The extension was made to allow us to work out with the commission how those arrangements should work and the conditions which Irish donors will have to meet to be able to donate to Northern Ireland parties. The details must be prescribed by an order, which will have to be approved by both Houses of Parliament. I fully accept that this will be after the proposed elections next March. However, the proposal to put Northern Ireland parties on the same footing as Great Britain parties will come to both Houses of Parliament for debate.

Following the end of the final disapplication period, the Northern Ireland parties and the regulated donees will continue to be able to accept donations from Irish citizens and other Irish bodies which can currently donate to parties in the Republic of Ireland, as well as from those who can donate in the UK. In the United Kingdom, donations can fly all over the place, between and to parties. I made clear during the debate on the Northern Ireland (Miscellaneous Provisions) Act that

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this is in line with our policy that the special place of the Republic of Ireland in the political life of Northern Ireland must continue to be respected. Concerns were expressed at that time about the detail of how the permissible donors clause would operate in practice, particularly in relation to the conditions which Irish citizens and bodies which can donate in Ireland would have to meet to be able to donate to Northern Ireland parties, and how those donations would be checked and verified by the Electoral Commission. We recognised those concerns and sought to address them when they were raised here and in another place. The detail of how the permissible donors clauses will work will be set out in UK secondary legislation, following consultation with the Electoral Commission. This detail will include the criteria which Irish donors will have to meet to be able to donate. How the donations will be checked will then be specified in an order, which will have to be approved by each House of Parliament.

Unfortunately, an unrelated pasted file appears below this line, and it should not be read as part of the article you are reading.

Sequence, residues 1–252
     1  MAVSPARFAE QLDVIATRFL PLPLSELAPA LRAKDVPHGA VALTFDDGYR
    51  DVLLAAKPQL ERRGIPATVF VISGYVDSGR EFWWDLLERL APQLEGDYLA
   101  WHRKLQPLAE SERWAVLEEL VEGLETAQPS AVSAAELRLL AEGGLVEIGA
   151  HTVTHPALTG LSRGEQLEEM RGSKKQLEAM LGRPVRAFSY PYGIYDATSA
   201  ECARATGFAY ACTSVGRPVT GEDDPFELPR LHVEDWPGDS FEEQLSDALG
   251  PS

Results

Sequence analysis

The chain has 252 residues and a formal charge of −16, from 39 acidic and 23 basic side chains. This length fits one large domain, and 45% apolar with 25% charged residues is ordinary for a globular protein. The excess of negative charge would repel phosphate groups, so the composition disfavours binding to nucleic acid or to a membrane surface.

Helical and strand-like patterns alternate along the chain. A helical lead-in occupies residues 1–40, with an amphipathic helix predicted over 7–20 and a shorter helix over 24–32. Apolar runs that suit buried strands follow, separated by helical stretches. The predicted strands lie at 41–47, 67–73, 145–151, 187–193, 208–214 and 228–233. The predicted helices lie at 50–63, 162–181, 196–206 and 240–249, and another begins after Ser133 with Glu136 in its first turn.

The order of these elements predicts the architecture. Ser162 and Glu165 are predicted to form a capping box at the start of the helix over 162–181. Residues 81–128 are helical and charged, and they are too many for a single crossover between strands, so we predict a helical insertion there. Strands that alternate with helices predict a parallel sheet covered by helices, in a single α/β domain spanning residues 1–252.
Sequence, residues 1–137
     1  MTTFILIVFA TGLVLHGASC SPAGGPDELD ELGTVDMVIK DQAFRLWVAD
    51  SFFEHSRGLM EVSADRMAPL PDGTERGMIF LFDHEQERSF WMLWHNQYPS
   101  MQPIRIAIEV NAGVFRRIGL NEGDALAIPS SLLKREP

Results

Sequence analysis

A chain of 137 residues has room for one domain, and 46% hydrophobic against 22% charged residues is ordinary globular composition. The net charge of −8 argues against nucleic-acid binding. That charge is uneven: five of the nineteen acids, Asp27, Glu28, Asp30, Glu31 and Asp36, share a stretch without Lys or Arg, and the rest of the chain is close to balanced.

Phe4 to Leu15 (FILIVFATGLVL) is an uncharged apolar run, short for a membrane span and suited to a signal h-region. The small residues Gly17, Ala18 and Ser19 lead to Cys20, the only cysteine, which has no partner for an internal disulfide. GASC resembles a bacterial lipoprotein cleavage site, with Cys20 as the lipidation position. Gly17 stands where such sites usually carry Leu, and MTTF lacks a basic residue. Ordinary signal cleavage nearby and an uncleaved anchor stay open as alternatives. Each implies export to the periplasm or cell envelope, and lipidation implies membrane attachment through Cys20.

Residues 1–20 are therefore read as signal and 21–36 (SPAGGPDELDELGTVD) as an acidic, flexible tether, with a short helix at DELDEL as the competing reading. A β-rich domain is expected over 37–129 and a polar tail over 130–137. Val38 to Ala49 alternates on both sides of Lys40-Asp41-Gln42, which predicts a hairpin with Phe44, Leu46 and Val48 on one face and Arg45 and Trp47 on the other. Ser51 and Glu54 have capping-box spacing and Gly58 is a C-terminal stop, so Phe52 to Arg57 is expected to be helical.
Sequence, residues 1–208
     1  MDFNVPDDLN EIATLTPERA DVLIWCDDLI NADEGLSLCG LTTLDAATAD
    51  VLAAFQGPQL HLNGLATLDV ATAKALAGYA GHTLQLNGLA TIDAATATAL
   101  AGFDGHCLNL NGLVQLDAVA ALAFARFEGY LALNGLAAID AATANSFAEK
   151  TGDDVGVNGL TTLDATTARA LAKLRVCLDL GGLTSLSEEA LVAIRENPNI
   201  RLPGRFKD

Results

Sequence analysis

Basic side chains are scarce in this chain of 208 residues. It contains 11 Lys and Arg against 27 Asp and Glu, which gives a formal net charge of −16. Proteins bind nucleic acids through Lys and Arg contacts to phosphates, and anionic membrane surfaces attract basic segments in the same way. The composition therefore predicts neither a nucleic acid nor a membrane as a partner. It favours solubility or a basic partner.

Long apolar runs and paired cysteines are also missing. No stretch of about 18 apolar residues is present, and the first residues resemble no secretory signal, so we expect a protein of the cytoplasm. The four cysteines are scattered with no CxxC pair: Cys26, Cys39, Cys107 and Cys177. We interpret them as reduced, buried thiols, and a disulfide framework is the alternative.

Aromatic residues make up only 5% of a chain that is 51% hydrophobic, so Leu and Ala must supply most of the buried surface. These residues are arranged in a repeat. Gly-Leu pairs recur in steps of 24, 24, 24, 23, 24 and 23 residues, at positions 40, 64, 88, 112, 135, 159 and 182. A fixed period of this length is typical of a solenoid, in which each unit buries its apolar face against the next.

There will be a full opportunity when the order is made—I accept that it will be after the election next March—to debate these issues publicly. All donations to Northern Ireland parties, including those from Irish donors, will be subject to regulation and verification by the Electoral Commission until the end of the transitional period, which we hope and believe will be in 2010. Impermissible donations will be required to be returned or forfeited. I think that I made it clear previously that there cannot be what we might call brass-nameplate companies as bodies for donations in the Republic. Part of the primary activity of the body has to take place in the Republic of Ireland, so this is not a way in for floods of money from those or other such bodies.

The one point of disappointment that I fully accept—I repeat it—is that the change cannot be made before the election proposed. However, making the change from February to October was never connected to the change in the date of the election. The reasons for that change still arise—to make arrangements with the Electoral Commission to do the job properly. It is true, unfortunately, that it will not be done before the proposed election in March, which I hope will come about, but it will be done for future elections.